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Wushu at Stanford

Stanford Wushu is a student club that began practicing in 1997. With Taiji as a sister club, Stanford Wushu has a large membership that grows with each year.

--- Our Instructors ---

Phillip Wong
was a champion member of the US National Wushu Team, and one of the few Americans to compete and place in wushu competitions in China. He was nominated as Inside Kung Fu's competitor of the year in 1987 and has been featured in ESPN television specials. He also provided motion acting for the highly popular video games Tekken 2 & 3 and Mace: The Dark Age.

Wong Laoshi's events include changquan, broadsword, straighsword, and staff, and he is most known for his drunken fist and drunken sword. His present students include half of the members of the US Wushu Team.

Zhang Hong Mei
was a champion member of the Beijing Wushu Team and the first generation of Chinese wushu athletes to tour the United States in 1975. Her past teammates include Li Lian Jie (Jet Li). Before coming to the United States, she spent 3 years teaching taiji in Japan by invitation.

Zhang Laoshi's events include changquan, staff, straightsword, taiji, and she is most know for skill in double straight sword and bagua zhang.

--- The Disciplines at Stanford ---


In contemporary wushu, there are a number of empty hand and weapons forms that are commonly learned and used in competition. At Stanford Wushu, our practice includes training in the following styles and weapons:

--Hand Forms--

  • Changquan / Long Fist
    Contemporary Changquan, or Long Fist, has its source in Northern Chinese boxing styles and martial arts once taught in the Shaolin temples. It is characterized by fast, powerful movements that emphasize extension, sweeping circular strikes and kicks, and aerial techniques. The contemporary revisions not only preserve the essence of this style, but emphasize flexibility, strength, and aesthetic grace in the martial artist performing it. Changquan basics also provide the foundation for our learning and practices. The first style of Wushu which all of our students learn, Changquan is very exciting to watch and remains a favorite of many Wushu practitioners even as they learn the use of weapons and more traditional forms.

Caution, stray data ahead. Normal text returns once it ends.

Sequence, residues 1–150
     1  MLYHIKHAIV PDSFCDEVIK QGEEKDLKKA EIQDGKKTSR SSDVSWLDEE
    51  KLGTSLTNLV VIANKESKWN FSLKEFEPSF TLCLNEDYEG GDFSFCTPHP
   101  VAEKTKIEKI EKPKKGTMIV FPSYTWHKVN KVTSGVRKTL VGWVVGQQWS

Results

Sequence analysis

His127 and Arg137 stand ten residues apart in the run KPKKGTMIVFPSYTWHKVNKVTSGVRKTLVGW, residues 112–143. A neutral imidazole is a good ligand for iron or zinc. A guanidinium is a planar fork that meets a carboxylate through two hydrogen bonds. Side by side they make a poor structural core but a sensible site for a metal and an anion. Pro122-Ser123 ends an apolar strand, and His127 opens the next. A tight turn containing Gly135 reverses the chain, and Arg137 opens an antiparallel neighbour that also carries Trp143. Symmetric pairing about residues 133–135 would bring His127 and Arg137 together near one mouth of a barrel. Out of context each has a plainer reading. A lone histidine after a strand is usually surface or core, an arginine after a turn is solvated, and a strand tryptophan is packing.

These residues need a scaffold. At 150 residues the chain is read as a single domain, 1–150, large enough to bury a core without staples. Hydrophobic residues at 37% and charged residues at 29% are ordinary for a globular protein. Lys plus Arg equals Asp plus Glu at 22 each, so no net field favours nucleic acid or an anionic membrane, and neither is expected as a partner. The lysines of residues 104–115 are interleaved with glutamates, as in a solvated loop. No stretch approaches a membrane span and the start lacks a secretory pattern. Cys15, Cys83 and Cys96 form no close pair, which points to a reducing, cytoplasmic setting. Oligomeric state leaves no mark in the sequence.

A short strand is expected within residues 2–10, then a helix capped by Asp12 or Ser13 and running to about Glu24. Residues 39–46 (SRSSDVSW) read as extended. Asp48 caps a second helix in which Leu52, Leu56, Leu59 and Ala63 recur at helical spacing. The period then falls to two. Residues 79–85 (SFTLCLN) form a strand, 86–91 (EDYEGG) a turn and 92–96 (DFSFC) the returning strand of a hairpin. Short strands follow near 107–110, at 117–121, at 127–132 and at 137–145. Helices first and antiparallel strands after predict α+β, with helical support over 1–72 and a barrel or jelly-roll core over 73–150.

• Nanquan / Southern Fist
    Nanquan is the Southern style counterpart to Changquan. While both are external martial arts, Nanquan's emphasis leans more toward strong stances and powerful punching strikes. Easily differentiated from Changquan even to the casual observer, Nanquan has its own distinct "flavor" and along with Changquan comprises Wushu's two most popular external empty-hand events. Some of our students begin learning Nanquan after obtaining intermediate-level Changquan instruction.

--Short Weapons--

  • Dao / Broadsword
    The Chinese broadsword, or Dao, is a weapon which historically saw use most often as the hand weapon of military foot soldiers. A single-edged blade with a distinctive curve, it was wielded in an aggressive, energetic fashion and modern broadsword forms reflect this tradition. While all wushu weapons work demands a good base in empty-hand techniques, the use of the broadsword heavily emphasizes speed and strength.

  • Jian / Straightsword
    In contrast to the broadsword, the straightsword, or jian, is a weapon often associated with scholars or nobility. The straightsword is a slender, double-edged blade and its forms display quickness, precision, and grace of a sort different from but no less impressive than that of the broadsword.

--Long Weapons--

  • Gun / Staff
    Wushu's simplest weapon is also one of its most impressive. The staff is a long weapon and draws the greater bulk of its power from the sheer speed of its whirling strikes. Staff use relies heavily on properly mastered empty-hand basics for its stancework and jumping techniques.

  • Qiang / Spear
    The use of the staff is often compared with the use of the broadsword. Similarly, the use of the spear is often compared with the use of the straightsword. As would be expected, spear techniques rely on threading and thrusting maneuvers and swift footwork which take advantage of the spear's speed and long reach. One of the most challenging weapons that Wushu training has to offer, it quickly becomes clear that an accomplished spear practitioner knows much more than a few simple pokes and steps.


In our class we practice predominately Yang-style taiji (also spelled as "taichi"), excepting a scattering of non-Yang movements that are found in the 42 combined-style forms. The following forms are taught consecutively: Yang 24, Combined 42, Yang 32 sword, Combined 42 sword. The number associated with each form is the number of movements it contains. New students may spend 6 months to a year on each form before learning the next.

Some students in our class like to train competitively, though others practice taiji for its own sake. Members of Stanford Taiji have participated in such tournaments as the Wushu Collegiates, UC Berkeley CMAT, and US Team Trials.